You may decide to use an online back-up facility such as Google Apps. At first glance, this has many attractions. However, if you look at the price and service comparison chart of what you get for free, what you get for $5 and what you get for $10 per person per month you soon realise that to use Google Apps for an adviser business where you need to search for and reference documents compliantly then you need to buy the most expensive version. You have the added disadvantage of your dependency on the documents being stored out of your control with no backup coming back to you. Ideally, for peace of mind, you will need to setup your own backups to complement the service. 

I have a degree of cynicism as to just how Google could and may use your data - they have such powerful tools to interrogate, interpret, collate and market the information that is stored on their servers. Those in the financial services industry have a duty to ensure that any client details are not available to any outsiders. The main advantage of Google Apps is the powerful search engine, which is great to have but not essential for a Financial Adviser business if the documents are well indexed and can be exported for analysis. 

Another solution is to store all your documents into Document Management Software systems. However, these can cost more than Client Management Software (CMS) so why not use proprietary back office software that gives you the scanning functionality plus all the things that really make an adviser’s day easier to manage, like evaluations. You can incorporate all forms of communication, i.e. not just your scanned documents but your emails, faxes, voice recordings, notes, client reports, letters etc and link them to all the other details of the business.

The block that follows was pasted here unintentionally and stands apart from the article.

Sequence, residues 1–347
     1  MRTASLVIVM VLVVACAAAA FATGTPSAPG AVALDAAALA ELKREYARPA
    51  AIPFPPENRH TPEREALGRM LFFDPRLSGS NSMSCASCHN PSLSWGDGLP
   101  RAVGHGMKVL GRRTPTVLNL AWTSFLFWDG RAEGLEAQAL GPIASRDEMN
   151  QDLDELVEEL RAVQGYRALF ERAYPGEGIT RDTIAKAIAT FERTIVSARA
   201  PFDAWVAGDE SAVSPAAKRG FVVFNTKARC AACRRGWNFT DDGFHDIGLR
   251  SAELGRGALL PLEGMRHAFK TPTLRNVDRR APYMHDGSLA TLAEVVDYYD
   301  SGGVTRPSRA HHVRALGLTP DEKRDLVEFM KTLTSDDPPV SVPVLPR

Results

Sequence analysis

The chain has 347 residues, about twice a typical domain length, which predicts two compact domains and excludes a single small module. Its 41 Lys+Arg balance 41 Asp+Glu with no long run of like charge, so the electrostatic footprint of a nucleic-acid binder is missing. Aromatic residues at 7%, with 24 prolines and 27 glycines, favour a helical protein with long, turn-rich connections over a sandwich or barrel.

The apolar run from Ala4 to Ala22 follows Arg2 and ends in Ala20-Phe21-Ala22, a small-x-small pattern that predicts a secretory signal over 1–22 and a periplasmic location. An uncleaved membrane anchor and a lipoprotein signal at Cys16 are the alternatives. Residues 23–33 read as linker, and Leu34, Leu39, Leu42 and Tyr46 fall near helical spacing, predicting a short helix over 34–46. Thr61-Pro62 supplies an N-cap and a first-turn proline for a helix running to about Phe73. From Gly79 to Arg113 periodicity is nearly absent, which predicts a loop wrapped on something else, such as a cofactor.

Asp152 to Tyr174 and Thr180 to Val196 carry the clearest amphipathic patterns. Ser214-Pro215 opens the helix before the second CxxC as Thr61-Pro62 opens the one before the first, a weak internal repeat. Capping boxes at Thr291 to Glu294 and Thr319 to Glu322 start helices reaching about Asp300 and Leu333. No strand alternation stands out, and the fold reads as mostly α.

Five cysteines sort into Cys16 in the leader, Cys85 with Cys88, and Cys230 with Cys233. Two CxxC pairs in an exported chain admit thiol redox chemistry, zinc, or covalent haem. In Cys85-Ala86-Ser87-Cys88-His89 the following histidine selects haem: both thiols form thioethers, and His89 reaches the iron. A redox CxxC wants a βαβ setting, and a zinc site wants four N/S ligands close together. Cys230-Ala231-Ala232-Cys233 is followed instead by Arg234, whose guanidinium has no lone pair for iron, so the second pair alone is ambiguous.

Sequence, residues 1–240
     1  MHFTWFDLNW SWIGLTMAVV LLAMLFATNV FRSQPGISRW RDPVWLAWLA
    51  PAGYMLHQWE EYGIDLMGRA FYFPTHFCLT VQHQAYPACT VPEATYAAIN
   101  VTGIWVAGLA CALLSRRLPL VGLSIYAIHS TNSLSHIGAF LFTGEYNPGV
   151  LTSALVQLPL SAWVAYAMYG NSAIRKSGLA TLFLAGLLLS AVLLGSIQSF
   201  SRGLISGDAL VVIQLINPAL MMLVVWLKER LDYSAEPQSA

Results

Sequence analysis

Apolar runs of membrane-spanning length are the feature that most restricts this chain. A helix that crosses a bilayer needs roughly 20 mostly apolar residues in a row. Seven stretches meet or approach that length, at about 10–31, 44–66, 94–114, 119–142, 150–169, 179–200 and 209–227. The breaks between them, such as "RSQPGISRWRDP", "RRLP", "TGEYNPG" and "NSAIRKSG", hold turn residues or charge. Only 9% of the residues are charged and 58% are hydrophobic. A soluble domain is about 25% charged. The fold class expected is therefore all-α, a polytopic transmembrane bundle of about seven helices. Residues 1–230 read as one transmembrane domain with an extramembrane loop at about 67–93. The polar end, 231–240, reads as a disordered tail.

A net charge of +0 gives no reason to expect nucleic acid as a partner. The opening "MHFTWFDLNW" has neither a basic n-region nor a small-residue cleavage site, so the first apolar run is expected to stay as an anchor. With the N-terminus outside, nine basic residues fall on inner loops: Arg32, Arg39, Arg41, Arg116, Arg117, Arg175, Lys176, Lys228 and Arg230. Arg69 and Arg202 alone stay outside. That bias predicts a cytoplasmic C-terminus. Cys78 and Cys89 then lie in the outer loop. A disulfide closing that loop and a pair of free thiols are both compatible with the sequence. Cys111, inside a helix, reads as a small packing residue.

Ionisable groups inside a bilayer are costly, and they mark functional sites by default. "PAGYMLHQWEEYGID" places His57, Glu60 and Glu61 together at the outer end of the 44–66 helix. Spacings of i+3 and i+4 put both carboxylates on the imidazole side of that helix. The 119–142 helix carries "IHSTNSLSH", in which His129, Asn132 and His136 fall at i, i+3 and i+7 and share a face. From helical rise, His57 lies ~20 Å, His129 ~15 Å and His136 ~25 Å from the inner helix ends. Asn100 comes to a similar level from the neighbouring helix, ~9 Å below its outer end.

This means that when you are looking at a client, you see all the associated information about the client and policies in one place and you can filter down by many options including what, when, who, etc. And your CMS can do so much more for the business because it is built with Financial Adviser workflows in mind. 

Some advantages of storing your documents into a CMS database structure rather than into folders include: 

  • The storage is better structured. 
     
  • Easy retrieval, you can search on many more criteria. 
     
  • All the data is together which ensures that all the data is backed up together. 
     
  • If the CMS is accessible through the Internet or on tablets, you can view and search the less paper office from any location. 

Documents are the core of any business and they must be easily found and accessible. The title of this article “The Less Paper Office” reflects the fact that in many cases it is easier to print so that you can read documents on paper, so paper cannot be ignored, but storing your documents electronically using a familiar system designed to satisfy Financial Advisers’ business requirements makes operational sense. 

Ann Dempster
Plum Software Ltd 

 

Please share this page to LinkedIn

Please click here to retweet this on Twitter

 

 

 

Author: Ann Dempster
Posted: Saturday, September 29, 2012 | 4:30:26 PM


Bookmark and Share

Comments

There are currently no comments for this article

Leave a comment

You must be logged in to post a comment
Developed by BouncingFish